Los Angeles City Hall. Photo by John Schreiber

After a lenghty hearing that included about two hours of public input, a Los Angeles City Council committee delayed a decision Tuesday on a proposal that would impose a fee on real estate developers to pay for affordable housing in the city.

The Planning and Land Use Management Committee plans to revisit the issue in August.

The proposal, called a “linkage fee,” was first put forward by Mayor Eric Garcetti two years ago and was approved by the city’s Planning Commission in February.

The plan approved by the commission would charge $5 to developers for every square foot of new commercial construction and $12 per square foot for new residential projects, although there would be various exemptions.

When Garcetti first proposed the idea, he estimated the linkage fee could raise up to $100 million per year for affordable housing, but a staff report approved by the commission downgraded the estimate to $75 million to $92 million per year.

Garcetti mentioned the linkage fee in his State of the City address in April and called on the council to pass it and “do it now.”

The mayor set a goal in 2014 for the city to construct more than 100,000 housing units by 2021 as a way to combat a housing shortage that had contributed to skyrocketing rents and an increase in homelessness.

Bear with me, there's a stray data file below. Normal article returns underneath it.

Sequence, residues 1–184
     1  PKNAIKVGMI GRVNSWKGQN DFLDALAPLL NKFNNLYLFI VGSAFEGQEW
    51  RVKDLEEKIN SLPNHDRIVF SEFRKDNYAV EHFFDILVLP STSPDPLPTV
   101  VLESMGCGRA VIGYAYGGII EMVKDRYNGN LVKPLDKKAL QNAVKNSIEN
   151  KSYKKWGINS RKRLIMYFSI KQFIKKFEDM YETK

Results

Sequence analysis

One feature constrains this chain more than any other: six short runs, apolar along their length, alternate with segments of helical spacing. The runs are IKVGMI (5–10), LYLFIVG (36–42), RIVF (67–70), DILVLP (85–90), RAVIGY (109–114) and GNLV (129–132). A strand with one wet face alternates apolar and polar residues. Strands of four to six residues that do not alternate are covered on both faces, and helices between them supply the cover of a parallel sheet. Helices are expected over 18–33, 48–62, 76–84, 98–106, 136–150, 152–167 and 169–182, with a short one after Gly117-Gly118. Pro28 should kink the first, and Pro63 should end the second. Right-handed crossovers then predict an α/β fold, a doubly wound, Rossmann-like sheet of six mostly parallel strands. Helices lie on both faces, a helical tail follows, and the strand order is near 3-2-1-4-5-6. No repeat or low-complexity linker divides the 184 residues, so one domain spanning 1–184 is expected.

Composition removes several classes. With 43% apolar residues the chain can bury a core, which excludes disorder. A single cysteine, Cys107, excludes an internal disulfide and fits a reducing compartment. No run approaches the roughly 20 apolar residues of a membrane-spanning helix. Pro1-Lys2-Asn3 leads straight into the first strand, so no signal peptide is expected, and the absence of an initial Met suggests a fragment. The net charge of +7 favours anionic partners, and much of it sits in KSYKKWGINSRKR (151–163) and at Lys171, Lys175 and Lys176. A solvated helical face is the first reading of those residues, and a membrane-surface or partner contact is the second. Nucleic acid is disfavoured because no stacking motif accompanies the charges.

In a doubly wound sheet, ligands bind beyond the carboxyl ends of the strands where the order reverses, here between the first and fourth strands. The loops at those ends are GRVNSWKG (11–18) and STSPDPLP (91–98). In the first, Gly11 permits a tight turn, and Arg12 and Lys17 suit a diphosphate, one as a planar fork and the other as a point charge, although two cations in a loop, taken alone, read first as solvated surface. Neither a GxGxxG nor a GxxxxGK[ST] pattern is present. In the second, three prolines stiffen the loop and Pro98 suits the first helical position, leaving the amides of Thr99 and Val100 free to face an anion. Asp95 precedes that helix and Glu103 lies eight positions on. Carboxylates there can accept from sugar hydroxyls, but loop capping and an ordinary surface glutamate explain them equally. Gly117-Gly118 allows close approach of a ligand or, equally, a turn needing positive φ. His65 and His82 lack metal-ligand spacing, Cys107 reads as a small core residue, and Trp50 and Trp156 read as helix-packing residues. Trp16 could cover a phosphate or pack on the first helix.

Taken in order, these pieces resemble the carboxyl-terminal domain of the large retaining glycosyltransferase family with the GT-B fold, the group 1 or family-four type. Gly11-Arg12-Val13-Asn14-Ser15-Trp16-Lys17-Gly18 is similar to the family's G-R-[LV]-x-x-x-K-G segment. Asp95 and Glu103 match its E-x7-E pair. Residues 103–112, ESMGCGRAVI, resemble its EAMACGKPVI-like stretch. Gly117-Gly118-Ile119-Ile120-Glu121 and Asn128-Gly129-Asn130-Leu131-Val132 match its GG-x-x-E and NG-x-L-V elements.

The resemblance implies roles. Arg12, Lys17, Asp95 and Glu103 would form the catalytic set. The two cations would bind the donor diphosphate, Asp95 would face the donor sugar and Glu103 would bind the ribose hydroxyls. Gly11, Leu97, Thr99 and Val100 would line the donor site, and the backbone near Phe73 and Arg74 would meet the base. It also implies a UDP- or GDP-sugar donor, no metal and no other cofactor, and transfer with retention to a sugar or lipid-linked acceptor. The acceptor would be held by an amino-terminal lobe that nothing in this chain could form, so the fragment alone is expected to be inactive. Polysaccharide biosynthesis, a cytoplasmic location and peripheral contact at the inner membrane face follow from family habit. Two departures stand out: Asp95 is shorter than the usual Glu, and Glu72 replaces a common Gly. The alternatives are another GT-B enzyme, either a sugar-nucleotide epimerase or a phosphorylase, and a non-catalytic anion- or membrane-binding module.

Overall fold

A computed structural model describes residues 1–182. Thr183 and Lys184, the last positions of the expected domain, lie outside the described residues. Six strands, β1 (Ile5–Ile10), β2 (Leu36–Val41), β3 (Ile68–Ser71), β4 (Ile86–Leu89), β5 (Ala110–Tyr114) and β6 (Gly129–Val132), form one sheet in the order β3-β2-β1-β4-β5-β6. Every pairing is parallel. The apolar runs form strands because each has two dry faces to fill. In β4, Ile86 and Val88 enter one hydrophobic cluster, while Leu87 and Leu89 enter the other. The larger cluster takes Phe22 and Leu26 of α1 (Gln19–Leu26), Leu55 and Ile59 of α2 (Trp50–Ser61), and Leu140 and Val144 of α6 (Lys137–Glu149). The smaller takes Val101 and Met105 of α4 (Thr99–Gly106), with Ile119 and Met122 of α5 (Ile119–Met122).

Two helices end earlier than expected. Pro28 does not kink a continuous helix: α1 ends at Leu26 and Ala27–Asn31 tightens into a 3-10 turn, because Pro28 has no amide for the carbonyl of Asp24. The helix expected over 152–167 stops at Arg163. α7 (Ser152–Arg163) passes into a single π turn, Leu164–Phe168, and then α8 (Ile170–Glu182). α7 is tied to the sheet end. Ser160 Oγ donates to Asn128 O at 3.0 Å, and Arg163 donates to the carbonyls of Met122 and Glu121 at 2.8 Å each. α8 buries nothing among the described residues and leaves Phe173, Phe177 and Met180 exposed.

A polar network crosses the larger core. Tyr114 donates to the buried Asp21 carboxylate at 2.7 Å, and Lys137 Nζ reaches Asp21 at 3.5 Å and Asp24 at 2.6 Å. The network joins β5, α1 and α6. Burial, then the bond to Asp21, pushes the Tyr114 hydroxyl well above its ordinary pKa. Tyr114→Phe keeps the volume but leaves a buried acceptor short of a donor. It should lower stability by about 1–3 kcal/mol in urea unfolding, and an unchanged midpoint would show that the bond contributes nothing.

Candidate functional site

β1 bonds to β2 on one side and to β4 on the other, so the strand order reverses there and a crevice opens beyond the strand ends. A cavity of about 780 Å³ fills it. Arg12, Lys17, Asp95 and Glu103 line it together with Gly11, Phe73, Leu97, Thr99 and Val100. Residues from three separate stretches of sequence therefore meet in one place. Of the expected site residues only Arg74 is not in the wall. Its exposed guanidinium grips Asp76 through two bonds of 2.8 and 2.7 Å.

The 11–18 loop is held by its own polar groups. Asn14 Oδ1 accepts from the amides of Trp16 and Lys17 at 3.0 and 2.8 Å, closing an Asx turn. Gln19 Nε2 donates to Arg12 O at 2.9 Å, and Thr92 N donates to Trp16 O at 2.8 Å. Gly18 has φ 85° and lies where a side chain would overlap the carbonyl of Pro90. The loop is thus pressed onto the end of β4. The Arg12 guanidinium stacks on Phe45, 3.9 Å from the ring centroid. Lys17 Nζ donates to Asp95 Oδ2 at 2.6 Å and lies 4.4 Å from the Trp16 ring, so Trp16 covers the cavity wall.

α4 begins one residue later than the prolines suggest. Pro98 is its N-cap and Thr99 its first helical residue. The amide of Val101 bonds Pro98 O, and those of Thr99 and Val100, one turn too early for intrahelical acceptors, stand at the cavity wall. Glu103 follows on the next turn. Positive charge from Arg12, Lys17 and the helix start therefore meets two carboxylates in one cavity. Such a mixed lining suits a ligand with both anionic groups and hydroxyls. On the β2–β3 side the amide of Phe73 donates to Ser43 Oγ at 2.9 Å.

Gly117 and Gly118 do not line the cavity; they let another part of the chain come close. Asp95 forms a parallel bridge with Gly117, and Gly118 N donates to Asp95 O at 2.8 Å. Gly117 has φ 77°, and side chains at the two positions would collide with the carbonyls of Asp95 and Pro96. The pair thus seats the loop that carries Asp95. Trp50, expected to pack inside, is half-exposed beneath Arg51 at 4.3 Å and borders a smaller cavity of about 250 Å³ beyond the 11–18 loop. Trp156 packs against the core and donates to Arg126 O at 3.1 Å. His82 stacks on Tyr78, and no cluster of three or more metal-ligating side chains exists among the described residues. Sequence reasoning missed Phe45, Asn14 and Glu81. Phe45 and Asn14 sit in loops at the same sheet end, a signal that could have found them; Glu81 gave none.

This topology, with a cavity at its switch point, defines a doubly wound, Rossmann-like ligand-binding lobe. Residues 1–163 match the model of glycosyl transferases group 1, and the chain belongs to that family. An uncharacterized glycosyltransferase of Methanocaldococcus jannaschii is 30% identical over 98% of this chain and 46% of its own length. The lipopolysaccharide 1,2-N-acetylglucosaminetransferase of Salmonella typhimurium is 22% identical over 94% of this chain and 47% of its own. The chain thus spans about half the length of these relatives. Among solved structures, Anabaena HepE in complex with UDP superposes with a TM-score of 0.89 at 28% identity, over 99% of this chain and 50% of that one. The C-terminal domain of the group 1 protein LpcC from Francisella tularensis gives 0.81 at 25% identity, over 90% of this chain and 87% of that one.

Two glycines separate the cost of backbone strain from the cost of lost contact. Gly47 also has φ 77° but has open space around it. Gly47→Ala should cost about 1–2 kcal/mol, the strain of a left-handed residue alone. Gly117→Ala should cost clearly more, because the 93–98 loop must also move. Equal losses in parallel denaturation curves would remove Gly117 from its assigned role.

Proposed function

One concern raised at Tuesday’s meeting was that the increased fees on developers could end up being passed on to tenants and contribute even more to rising rents.

Councilman Mitch Englander said he believes there is a dire need for more affordable housing, but he questioned if the linkage fee was the right way to achieve it.

“Everybody wants to stick it to the developer. Hey, that would be a great option. At the end of the day we are sticking it to the nurse, the teacher, the firefighter and they can’t afford it and they are moving out of Los Angeles and they are commuting two hours,” Englander said.

Other concerns about the fee were also raised, including from Councilman Curren Price, who said a “one size fits all” fee could end up harming low- income neighborhoods.

For over two hours, public speakers addressed the council on both sides of the issue.

“Establishing a linkage fee has a unified support of constituents in L.A. that we rarely see around any issue,” said Laura Raymond, campaign director of ACT-LA, a coalition of housing groups.

Some business organizations, including the Los Angeles Area Chamber of Commerce, have come out against the linkage fee, arguing it is too high and will actually discourage the addition of affordable housing by making development too expensive.

“What we have here before us will make the situation worse. We know that there’s a housing supply and housing affordability crisis, but the proposed linkage fee will increase, not decrease, the cost of building,” said Gary Tobin, president and CEO of the L.A. Area Chamber of Commerce.

–City News Service

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